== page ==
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Today we had the opportunity to visit two different tribes and both were fascinating experiences. It really is hard to believe that people still live this way but at the same time it was wonderful to see such raw tradition.

The first tribe are known as the Bushmen. They came to Tanzania about 1000 years ago from South Africa by way of the Congo. I have never seen anything so primitive and felt privileged to be welcomed into their village. These people live quite remotely and after quite a drive we walked in to another world. The tribe who hunt by bow and arrow had recently killed a large antelope and our first sight was the hide stretched out for drying. In the nearby trees was every piece of the animal being dried in the sun for food. There was meat hung like jerky, the stomach, innards and the head proudly displayed.


One tree had all their bows and arrows and a local guide explained how they use certain trees for poison to kill larger animals like buffalo. No poison is required for the baboons, antelope or other smaller animals. Many of the men were wearing animal hides or baboon fur on their heads and bodies.


We had a chance to try fire lighting and shooting with a bow and arrow. We were curious how they got the steal tips for their bows and we learned they trade meat for them with another nearby tribe. They also have a marijuana connection and trade meat for weed. Only the men smoke weed while the woman smoke tobacco. Apparently this tradition goes back a long way. They were not shy about smoking weed while we were there and Isaac got a real thrill out of that, especially the bone weed pipe.


The woman are segregated from the men during the day and were all gathered under a tree with their babies. Some tightly strapped to their back so much so the heads were hidden. They were all so young and so beautiful.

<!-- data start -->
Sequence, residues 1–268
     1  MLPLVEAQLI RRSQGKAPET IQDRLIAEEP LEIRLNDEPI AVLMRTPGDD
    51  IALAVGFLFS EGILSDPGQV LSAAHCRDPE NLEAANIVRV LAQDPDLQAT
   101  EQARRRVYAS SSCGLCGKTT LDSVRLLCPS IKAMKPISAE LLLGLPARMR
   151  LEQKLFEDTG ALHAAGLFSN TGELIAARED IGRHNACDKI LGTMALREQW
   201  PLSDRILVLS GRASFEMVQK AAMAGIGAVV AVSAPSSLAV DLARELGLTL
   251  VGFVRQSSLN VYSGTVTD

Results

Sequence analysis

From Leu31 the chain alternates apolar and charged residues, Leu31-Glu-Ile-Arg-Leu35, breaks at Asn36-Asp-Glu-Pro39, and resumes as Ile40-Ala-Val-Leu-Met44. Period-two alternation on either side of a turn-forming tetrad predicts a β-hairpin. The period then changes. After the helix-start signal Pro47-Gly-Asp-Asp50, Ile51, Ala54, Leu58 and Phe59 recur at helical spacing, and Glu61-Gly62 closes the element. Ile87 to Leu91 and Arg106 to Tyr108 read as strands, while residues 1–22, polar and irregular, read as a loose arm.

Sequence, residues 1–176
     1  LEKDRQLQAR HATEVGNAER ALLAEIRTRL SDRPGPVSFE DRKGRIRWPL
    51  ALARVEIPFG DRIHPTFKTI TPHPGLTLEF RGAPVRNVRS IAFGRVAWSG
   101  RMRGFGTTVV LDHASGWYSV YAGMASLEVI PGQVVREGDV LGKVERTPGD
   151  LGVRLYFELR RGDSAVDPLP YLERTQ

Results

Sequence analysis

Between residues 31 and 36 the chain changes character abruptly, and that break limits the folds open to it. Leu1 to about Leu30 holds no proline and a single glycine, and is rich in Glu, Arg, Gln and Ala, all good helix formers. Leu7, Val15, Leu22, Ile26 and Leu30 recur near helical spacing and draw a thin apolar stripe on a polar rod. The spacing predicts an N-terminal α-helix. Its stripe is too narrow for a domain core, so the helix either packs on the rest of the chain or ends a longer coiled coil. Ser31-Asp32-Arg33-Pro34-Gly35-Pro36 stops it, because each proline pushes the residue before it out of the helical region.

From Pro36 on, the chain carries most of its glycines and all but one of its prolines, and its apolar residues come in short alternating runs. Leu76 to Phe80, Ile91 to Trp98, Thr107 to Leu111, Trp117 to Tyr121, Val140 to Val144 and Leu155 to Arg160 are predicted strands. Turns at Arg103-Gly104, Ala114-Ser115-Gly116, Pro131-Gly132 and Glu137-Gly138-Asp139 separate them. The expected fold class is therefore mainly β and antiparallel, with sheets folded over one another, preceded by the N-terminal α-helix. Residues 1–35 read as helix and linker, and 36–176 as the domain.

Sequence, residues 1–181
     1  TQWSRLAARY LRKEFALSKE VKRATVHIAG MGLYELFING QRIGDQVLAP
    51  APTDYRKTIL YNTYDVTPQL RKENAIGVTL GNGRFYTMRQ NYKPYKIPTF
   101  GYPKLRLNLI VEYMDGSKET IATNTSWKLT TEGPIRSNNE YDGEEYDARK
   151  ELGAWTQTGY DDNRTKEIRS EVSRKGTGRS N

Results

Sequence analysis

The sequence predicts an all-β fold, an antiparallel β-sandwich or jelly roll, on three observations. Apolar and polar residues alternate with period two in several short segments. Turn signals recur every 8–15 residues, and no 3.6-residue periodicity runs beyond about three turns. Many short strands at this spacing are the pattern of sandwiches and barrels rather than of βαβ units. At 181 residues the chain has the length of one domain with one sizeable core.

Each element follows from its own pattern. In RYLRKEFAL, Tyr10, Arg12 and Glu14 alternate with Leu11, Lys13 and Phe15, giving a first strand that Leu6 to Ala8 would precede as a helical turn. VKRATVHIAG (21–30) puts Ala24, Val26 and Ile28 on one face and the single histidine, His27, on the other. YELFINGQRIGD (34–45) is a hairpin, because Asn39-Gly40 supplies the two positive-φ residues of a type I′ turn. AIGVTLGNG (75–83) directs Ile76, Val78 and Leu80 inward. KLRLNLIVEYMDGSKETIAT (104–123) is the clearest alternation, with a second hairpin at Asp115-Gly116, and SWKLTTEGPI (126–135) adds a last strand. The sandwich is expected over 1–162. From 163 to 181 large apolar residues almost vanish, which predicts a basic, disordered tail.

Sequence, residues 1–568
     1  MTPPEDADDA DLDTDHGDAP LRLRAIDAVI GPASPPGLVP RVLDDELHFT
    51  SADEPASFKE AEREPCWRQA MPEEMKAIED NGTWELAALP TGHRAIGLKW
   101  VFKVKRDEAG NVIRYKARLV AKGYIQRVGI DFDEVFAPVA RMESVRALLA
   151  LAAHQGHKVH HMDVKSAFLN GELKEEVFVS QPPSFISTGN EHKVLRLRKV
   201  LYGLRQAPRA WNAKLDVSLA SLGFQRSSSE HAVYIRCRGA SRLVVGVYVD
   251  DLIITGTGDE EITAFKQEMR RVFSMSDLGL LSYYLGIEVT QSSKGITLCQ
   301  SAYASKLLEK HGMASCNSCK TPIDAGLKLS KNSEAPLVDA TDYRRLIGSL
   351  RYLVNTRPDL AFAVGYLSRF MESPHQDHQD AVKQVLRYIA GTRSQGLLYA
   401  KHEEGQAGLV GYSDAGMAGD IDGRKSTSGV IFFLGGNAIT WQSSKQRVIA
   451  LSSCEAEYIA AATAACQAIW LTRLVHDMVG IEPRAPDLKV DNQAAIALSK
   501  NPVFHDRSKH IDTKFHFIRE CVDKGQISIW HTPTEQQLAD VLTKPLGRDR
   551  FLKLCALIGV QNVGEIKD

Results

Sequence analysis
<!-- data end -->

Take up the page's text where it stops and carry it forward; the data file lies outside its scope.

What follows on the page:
From there we drove to the tribe that actually trades with the Bushmen for arrowheads. This tribe are primarily blacksmiths who make recycled metal into arrow heads, jewellery and tools. They use a small charcoal fire to melt the metals which is a slow and tedious process. The chief, or head of family (pictured with the kids) has 2 wives, the first, wearing the colourful skirt, has bore him 9 children and the second wife, four. She is the lady who taught me to grind the maize. I never dreamed I would have such and experience.


One of our soccer balls in use


After all that we went into the village of Karatu. Our wonderful guide took us to the local Kanga shop where the locals buy their fabric for their traditional dress. Although I had no intention, I did buy myself an outfit. While we were waiting for Lorna’s to be prepared we also walked through the market. This was a real taste of Tanzanian life.


It was the kind of day that I absolutely love. There is no way to really explain how these people live but it was probably the most fascinating thing I have ever seen.

I know I have included a ton of photos but I took so many. Unfortunately we were there mid day and with the sun beating down from above it was hard to get the shots I really wanted.

Posted by curlygirl 12:04 Archived in Tanzania Tagged africa adventures bushmen tribes

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